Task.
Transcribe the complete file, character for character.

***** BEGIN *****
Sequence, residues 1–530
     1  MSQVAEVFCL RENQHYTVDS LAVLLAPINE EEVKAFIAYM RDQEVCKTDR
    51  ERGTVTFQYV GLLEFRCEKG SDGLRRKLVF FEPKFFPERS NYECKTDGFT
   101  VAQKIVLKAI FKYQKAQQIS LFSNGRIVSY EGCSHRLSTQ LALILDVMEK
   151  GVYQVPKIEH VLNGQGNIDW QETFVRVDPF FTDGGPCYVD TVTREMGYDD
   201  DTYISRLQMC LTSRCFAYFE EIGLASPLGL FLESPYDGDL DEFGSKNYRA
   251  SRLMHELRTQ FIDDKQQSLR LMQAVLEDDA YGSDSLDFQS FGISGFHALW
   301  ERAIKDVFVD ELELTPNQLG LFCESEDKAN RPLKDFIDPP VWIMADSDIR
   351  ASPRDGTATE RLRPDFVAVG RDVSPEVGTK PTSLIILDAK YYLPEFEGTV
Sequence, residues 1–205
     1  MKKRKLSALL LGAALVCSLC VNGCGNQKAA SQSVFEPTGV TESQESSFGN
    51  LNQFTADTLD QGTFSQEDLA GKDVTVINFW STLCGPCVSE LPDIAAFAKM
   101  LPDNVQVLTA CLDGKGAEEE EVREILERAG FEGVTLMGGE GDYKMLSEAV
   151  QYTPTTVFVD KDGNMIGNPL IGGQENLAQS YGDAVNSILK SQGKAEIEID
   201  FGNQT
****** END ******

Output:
Sequence, residues 1–530
     1  MSQVAEVFCL RENQHYTVDS LAVLLAPINE EEVKAFIAYM RDQEVCKTDR
    51  ERGTVTFQYV GLLEFRCEKG SDGLRRKLVF FEPKFFPERS NYECKTDGFT
   101  VAQKIVLKAI FKYQKAQQIS LFSNGRIVSY EGCSHRLSTQ LALILDVMEK
   151  GVYQVPKIEH VLNGQGNIDW QETFVRVDPF FTDGGPCYVD TVTREMGYDD
   201  DTYISRLQMC LTSRCFAYFE EIGLASPLGL FLESPYDGDL DEFGSKNYRA
   251  SRLMHELRTQ FIDDKQQSLR LMQAVLEDDA YGSDSLDFQS FGISGFHALW
   301  ERAIKDVFVD ELELTPNQLG LFCESEDKAN RPLKDFIDPP VWIMADSDIR
   351  ASPRDGTATE RLRPDFVAVG RDVSPEVGTK PTSLIILDAK YYLPEFEGTV
Sequence, residues 1–205
     1  MKKRKLSALL LGAALVCSLC VNGCGNQKAA SQSVFEPTGV TESQESSFGN
    51  LNQFTADTLD QGTFSQEDLA GKDVTVINFW STLCGPCVSE LPDIAAFAKM
   101  LPDNVQVLTA CLDGKGAEEE EVREILERAG FEGVTLMGGE GDYKMLSEAV
   151  QYTPTTVFVD KDGNMIGNPL IGGQENLAQS YGDAVNSILK SQGKAEIEID
   201  FGNQT